What shells have torn.

“I go wherever men may dare,
I go wherever woman’s care
And love can live;
Wherever strength and skill can bring
Surcease to human suffering,
Or solace give.

“I am your pennies and your pounds;
I am your bodies on their rounds
Of pain afar;
I am you, doing what you would
If you were only where you could—
Your avatar.

“The cross which on my arm I wear,
The flag which o’er my breast I bear,
Is but the sign
Of what you’d sacrifice for him
Who suffers on the hellish rim
Of war’s red line.”

From: Finley, John H., ‘The Red Cross Spirit’ in The Journal of Education, Volume 86, Number 9 (2145), 13 September 1917, p. 229.

Date: 1917

By: John Huston Finley (1863-1940)

Thursday, 15 July 2021

Brisbane by Alice Gore-Jones

A red cathedral’s tiles, a tapering spire
Piercing her gaunt zinc roofs, the city lies.
Dim blue hills rise about her circle-wise,
And flame trees deck her steep white streets with fire.
While tremulous as some Æolian choir
Beside her river-way the bamboo sighs;
And to a burning sweep of turquoise skies

Ascends that slow sad song of lost desire.
Stranger than all her sisters of the South,
With languid warmth she lifts her sun-browned arms
In eager longing towards the distant sea;
This Northern witch with young and glowing mouth,
And half-alluring, half-elusive charms,
That bear the tropic’s seal of mystery.

From: Gore-Jones, A., Troop Trains and Other Verses, 1917, G. Hassell & Son: Adelaide, p. 23.

Date: 1917

From: Alice Gore-Jones (1887-1961)

Monday, 14 December 2020

Moonlit Apples by John Drinkwater

At the top of the house the apples are laid in rows,
And the skylight lets the moonlight in, and those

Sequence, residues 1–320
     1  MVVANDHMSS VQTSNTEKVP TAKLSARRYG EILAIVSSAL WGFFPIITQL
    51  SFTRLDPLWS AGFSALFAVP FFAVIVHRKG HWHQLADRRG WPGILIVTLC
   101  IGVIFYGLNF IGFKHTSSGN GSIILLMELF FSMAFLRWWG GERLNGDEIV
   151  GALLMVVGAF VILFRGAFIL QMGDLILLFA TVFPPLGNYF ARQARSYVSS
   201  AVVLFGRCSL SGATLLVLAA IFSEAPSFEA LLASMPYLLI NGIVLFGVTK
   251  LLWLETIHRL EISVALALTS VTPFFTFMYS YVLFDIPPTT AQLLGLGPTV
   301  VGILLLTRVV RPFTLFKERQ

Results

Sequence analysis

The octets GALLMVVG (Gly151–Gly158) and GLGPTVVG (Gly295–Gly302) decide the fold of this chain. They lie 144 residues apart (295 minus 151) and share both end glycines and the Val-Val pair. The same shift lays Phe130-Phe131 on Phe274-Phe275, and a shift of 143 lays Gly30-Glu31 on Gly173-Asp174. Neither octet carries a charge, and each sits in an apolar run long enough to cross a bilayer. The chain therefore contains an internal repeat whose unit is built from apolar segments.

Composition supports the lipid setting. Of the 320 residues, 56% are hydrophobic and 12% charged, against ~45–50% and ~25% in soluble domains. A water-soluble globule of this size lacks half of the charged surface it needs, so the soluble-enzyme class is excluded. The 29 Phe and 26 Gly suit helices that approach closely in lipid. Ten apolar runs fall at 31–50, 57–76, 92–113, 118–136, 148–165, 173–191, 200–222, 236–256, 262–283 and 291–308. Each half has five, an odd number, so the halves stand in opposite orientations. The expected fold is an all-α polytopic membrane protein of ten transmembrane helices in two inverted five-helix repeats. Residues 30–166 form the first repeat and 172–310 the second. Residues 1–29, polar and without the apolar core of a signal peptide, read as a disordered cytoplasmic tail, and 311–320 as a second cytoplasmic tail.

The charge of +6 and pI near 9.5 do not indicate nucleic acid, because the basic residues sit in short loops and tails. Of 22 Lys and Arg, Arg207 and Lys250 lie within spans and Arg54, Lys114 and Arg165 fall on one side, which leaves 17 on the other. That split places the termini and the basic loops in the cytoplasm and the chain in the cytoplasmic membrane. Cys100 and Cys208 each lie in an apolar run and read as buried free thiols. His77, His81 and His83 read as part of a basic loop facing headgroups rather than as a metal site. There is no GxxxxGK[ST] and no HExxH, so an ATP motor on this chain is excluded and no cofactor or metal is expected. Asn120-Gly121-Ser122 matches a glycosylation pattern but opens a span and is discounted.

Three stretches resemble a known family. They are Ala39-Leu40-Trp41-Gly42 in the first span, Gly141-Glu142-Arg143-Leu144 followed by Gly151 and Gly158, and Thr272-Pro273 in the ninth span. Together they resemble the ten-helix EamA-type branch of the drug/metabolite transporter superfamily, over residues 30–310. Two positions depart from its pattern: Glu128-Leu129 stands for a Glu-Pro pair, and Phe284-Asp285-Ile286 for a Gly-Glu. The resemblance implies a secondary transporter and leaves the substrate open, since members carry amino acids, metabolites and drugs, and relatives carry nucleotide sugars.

Apples are deep-sea apples of green. There goes
A cloud on the moon in the autumn night.

A mouse in the wainscot scratches, and scratches, and then
There is no sound at the top of the house of men
Or mice; and the cloud is blown, and the moon again
Dapples the apples with deep-sea light.

They are lying in rows there, under the gloomy beams;
On the sagging floor; they gather the silver streams
Out of the moon, those moonlit apples of dreams,
And quiet is the steep stair under.

In the corridors under there is nothing but sleep.
And stiller than ever on orchard boughs they keep
Tryst with the moon, and deep is the silence, deep
On moon-washed apples of wonder.


Date: 1917

By: John Drinkwater (1882-1937)

Friday, 13 November 2020

Smoke by Bernard Freeman Trotter

All the windy ways of man
Are a smoke that rises up.

Breath of the mine,
Wraith of the oak—
Who shall divine
The riddle of smoke?

Weave me a cloud,
Cover the sky;
Weave me a shroud:
Life is a lie!

Weave it not thin,
Weave it not fine;
Vivid as sin,
This, the design:

Beings of might
Toiling with death;
Frail things afright,
Gasping for breath;

Cities of doom,
Blackened and grim;
Battle-cloud’s gloom;
Charred forests dim;

Crater and pit,
Furnace and pyre;—
Boldly in-knit
With garlands of fire.

Weave it!
The dust lies in the urn:
So at last must
All the world burn.

Take then your toll,
Weaver of cloud.
Follows the whole:
Weave me a shroud.

Weave me it true,
Weave me it well—
Weave me it, weave me it,
Vapour of hell.


Date: 1917